Finding art and beauty (and English breakfast) in Crete

6, 7, 13 and 14 October 2017

In an attempted antidote to our trip into A short history of life and death in Crete our remaining days with the car were spent in search of a more peaceful and beautiful side of Crete.

In the mountain village of Margarites we found the traditional potteries selling ancient and modern designs. We bought ourselves two raki cups to drink the raki Akis had given us in Chania.

On the road down from Anoyia, in the village of Axos we happened across a wood sculptor, Georgios Koutantos, creating enormous sculptures from a variety of wood. His work included representations of figures from history, ancient and modern, including the labours of Hercules. Less well known to us was the figure of Solomos Solomou, a young Greek Cypriot refugee who climbed a flag pole to remove the Turkish flag in protest and was shot dead by a Turkish officer. Just another lesson in the complex history and relationship between Greece and Turkey.

 The detail, precision and sheer size of Georgios’ work was stunning. He is literally building his museum around them!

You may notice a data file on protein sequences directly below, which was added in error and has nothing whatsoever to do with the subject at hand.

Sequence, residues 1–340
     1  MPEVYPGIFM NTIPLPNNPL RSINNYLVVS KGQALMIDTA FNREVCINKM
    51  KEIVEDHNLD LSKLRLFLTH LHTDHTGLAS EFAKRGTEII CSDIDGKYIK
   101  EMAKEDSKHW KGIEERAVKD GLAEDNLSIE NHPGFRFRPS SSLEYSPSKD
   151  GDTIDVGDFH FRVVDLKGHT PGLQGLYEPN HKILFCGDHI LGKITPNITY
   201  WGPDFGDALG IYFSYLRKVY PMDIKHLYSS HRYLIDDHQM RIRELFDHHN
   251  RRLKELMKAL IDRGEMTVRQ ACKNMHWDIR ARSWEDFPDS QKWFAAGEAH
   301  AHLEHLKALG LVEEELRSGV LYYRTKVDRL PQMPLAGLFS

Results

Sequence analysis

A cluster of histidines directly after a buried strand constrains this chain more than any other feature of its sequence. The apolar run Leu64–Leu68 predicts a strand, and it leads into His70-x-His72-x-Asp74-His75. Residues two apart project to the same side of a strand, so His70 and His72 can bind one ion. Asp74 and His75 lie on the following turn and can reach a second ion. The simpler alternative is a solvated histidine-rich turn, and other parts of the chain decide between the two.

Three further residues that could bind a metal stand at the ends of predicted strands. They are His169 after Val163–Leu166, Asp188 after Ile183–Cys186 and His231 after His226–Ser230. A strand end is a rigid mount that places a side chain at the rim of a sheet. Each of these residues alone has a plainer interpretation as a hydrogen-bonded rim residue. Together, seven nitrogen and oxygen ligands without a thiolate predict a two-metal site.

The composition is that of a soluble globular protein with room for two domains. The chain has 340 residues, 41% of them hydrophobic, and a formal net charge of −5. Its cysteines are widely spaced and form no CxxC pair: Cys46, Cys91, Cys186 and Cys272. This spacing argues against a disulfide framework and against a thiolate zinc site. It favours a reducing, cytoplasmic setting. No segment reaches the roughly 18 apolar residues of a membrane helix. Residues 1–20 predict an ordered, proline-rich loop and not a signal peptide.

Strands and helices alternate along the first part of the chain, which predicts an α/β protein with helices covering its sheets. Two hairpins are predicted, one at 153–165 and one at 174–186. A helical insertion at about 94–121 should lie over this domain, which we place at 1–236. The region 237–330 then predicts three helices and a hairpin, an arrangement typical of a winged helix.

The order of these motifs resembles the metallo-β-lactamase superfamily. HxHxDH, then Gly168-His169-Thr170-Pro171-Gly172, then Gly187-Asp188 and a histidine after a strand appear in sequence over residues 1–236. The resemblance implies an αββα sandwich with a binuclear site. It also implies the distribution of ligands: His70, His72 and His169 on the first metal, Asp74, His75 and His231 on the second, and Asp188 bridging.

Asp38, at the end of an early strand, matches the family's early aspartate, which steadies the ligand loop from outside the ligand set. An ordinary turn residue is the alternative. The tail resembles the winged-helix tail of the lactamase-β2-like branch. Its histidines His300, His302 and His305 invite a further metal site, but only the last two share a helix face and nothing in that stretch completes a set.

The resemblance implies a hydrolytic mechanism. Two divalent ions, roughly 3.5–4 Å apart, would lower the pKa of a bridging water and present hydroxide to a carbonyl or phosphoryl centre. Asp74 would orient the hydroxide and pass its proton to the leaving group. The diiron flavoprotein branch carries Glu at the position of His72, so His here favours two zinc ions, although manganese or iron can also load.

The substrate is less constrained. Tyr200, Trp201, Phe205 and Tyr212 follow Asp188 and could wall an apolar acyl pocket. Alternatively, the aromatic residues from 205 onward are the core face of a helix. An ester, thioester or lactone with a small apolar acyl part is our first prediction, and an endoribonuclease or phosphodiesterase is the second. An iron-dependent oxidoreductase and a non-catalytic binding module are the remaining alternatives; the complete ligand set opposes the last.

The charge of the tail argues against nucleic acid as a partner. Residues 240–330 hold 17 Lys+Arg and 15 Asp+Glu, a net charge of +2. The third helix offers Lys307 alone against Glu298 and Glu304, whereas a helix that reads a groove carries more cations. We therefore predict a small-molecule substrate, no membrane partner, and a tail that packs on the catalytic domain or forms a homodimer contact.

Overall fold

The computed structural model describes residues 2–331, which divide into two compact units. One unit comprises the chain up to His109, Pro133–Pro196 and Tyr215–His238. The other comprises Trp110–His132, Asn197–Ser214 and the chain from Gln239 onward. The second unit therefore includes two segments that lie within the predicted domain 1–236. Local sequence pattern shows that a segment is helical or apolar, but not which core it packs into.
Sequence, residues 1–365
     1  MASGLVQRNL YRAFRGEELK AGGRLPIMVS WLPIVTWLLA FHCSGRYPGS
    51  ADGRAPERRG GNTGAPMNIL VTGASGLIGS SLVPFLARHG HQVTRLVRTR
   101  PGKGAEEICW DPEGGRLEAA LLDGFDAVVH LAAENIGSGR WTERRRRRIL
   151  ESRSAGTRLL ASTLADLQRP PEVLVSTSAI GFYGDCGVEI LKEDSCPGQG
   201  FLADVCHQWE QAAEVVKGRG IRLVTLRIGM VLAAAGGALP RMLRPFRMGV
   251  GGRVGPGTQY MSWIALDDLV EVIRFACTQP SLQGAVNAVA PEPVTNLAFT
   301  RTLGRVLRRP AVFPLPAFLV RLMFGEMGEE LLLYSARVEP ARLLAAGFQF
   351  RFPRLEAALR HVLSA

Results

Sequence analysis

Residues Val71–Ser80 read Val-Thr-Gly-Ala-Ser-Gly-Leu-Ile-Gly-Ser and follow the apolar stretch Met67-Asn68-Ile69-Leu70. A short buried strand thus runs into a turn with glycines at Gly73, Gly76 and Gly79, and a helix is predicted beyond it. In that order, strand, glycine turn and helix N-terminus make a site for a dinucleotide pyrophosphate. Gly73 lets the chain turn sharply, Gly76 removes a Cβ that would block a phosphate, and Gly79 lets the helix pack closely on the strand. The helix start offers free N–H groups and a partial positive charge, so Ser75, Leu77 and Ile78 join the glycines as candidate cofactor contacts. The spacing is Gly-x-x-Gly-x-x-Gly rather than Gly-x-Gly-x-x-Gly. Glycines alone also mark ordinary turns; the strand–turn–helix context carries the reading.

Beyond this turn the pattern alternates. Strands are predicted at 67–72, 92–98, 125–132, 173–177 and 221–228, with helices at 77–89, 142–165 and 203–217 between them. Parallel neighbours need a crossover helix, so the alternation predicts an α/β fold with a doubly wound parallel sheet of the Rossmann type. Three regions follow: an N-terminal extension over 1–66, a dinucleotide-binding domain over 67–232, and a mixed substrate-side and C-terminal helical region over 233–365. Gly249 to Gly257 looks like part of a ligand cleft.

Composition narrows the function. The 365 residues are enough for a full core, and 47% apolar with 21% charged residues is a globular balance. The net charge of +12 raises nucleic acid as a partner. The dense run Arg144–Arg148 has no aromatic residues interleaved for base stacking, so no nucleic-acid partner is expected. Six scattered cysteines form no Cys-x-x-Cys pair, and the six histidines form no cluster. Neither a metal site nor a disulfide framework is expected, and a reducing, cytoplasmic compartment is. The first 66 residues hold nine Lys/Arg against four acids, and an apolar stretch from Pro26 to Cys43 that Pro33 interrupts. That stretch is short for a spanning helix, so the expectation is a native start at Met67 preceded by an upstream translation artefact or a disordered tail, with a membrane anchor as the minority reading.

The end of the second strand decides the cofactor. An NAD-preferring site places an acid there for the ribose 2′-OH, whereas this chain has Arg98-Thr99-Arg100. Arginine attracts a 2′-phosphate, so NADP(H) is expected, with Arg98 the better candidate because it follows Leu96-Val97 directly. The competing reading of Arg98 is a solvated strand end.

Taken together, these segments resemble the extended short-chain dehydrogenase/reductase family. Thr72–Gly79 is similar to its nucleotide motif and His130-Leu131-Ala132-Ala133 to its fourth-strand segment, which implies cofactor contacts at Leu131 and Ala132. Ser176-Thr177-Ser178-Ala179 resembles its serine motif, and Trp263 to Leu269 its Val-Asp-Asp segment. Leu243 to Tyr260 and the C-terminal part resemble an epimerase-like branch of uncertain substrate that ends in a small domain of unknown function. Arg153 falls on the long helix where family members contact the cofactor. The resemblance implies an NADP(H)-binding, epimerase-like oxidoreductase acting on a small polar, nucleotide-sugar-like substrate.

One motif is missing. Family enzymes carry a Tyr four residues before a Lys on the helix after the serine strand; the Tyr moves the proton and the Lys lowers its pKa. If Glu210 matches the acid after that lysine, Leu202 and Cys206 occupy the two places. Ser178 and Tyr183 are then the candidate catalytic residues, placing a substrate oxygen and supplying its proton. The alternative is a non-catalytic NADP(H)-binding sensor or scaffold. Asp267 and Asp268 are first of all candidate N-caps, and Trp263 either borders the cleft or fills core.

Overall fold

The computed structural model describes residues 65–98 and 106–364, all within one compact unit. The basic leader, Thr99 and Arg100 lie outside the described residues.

He had also sculpted his own family and a huge nativity scene from just one piece of wood. He gave an engaging, personal tour through his work including an eagle sculpted when he was only 19 years old.

Another day we drove to the south of the island in search of its natural beauty. We followed the other hire cars into the Kourtaliotiko Gorge towards the Libyan Sea. It is impossible to avoid reminders of Crete’s history of war and resistance and we found this gun wielding priest high on the cliff.

Nestled in the end of the gorge where it meets the sea is a tranquil palm forest, its lush and calming green a stark contrast to the jagged, grey of the cliffs.

It was, however, a long and hot climb down to reach it and an even longer, hotter climb back up to the car.

Driving back through the gorge it was not hard to imagine how the fighters of the resistance were so able to hide out in the mountain nooks and crannies during the German occupation.

Nearby we found the town of Spili, famous for its fresh water spring and 19 spouting lions. The water was incredibly clear and refreshing. We wished we had taken some bottles to fill up.

To end our time with the car we went in search of some altogether different refreshment. As we had in Torremolinos and Benidorm, whenever we find ourselves in a resort popular with the British we feel compelled to treat ourselves to a good old English breakfast. In Malia we found a perfect spot in the Rovers Return Inn where we enjoyed proper tea and a fry up!

The perfect end to a roadtrip of many contrasts.

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